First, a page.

Over the next couple of decades, people from Gen Z will start to take positions of global leadership in industry. And as far as the rail sector goes, Gen Z needs to know about career paths now.
Unife’s campaign is not just about attracting future workers from academic routes, it is also about finding talent who may be from vocational backgrounds.
“Working in rail allows you to help give people greener transport options and more access to employment, education and social possibilities. Unife is committed to bringing students training and educational resources needed for a robust next generation of rail employees through our participation in the Hop On For Our Planet campaign and the Erasmus+ funded STAFFER Blueprint for Skills,” says Philippe Citroën, Unife director general.
To start things off, Hop On For Our Planet surveyed 2,000 16-25-year-olds from the six European countries of Germany, France, Italy, the Netherlands, Spain and Poland. They were asked a series of questions based around the environment and rail industry.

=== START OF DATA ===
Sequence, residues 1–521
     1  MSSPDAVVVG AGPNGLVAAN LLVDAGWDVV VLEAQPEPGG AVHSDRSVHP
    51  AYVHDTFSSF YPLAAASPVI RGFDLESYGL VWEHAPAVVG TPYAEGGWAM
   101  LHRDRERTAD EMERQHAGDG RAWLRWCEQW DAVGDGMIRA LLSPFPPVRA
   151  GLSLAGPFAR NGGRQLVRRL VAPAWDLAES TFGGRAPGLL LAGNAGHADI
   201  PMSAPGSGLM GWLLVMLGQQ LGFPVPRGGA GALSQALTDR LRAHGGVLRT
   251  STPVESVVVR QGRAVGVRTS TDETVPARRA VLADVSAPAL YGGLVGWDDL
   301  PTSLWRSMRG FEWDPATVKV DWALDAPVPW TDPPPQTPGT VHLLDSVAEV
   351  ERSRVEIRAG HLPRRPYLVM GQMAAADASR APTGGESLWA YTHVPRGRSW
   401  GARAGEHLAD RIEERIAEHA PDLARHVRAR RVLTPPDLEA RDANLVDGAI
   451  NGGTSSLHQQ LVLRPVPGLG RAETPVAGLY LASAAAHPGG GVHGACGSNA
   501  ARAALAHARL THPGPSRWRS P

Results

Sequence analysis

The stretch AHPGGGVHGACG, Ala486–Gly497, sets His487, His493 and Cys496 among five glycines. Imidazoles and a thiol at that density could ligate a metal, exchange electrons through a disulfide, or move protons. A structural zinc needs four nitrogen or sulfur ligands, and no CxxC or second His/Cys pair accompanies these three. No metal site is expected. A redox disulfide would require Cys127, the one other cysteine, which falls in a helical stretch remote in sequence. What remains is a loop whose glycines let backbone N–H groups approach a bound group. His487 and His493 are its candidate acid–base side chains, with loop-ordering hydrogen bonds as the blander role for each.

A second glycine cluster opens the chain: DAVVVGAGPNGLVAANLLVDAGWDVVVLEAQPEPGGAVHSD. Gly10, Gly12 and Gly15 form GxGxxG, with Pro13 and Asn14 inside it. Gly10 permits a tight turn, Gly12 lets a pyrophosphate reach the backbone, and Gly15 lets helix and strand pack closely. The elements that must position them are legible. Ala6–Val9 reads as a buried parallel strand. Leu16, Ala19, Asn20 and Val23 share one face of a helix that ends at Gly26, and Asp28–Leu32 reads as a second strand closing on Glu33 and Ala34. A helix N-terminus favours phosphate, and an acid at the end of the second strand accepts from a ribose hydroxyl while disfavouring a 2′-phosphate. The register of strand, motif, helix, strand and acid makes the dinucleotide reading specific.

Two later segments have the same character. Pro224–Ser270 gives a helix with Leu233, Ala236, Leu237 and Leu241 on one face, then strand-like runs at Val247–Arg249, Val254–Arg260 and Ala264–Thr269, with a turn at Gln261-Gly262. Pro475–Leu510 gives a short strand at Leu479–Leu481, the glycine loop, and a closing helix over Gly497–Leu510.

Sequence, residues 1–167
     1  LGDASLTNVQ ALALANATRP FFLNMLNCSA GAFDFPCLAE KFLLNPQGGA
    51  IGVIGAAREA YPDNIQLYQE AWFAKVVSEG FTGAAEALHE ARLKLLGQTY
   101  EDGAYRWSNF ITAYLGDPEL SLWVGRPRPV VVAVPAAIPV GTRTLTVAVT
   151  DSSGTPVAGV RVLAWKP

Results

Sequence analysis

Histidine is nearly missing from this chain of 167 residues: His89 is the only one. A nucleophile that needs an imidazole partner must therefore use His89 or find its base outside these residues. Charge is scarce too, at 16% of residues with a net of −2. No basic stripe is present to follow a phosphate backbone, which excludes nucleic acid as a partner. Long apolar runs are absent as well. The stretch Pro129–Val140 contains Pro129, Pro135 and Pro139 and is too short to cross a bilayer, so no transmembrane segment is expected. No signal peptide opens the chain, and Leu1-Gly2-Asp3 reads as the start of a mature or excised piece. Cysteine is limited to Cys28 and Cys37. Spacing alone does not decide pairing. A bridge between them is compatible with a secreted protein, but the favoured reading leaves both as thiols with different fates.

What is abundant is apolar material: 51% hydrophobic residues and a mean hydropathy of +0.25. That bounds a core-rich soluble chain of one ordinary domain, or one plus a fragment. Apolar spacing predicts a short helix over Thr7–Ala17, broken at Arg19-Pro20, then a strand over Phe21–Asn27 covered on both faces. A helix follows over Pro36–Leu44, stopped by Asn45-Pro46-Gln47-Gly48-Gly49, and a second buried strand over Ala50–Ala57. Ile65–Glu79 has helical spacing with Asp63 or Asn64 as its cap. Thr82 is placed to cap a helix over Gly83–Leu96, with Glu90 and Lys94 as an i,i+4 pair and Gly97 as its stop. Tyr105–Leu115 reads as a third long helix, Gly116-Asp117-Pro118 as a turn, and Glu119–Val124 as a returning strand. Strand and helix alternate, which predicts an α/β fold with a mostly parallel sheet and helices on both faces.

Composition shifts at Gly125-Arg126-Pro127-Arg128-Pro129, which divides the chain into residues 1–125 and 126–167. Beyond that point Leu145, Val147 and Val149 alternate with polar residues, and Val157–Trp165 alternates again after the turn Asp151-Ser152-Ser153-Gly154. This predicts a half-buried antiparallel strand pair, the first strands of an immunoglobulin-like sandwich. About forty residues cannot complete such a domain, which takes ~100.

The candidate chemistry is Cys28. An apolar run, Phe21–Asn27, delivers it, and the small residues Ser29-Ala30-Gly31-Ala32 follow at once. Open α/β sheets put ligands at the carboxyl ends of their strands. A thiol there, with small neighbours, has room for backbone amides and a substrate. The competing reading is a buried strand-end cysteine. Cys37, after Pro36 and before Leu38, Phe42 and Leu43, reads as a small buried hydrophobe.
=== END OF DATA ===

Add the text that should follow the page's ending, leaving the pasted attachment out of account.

Working in rail allows you to help give people greener transport options.
It found that almost 60% of respondents would be prepared to make changes to the way they use transport to help the planet. And more than 50% want extra incentives to use public transport, as well as tax cuts for rail. Meanwhile, 47% agreed that spending needs to increase for infrastructure and related services.
Gen Z also wants well-paid positions with stable employment, alongside feeling as though they are making a positive difference to the environment.
“Salary is a factor that defines whether people will join the sector or the company,” explains Luc Triangle, general secretary of IndustriAll European Trade Union, at the digital launch of Unife’s campaign. “But this is not the only factor; it’s combined with training facilities, with continuous training, with lifelong learning, on the shop floor in the sector, with some mobility that should be possible in the sector in moving forward in your career.”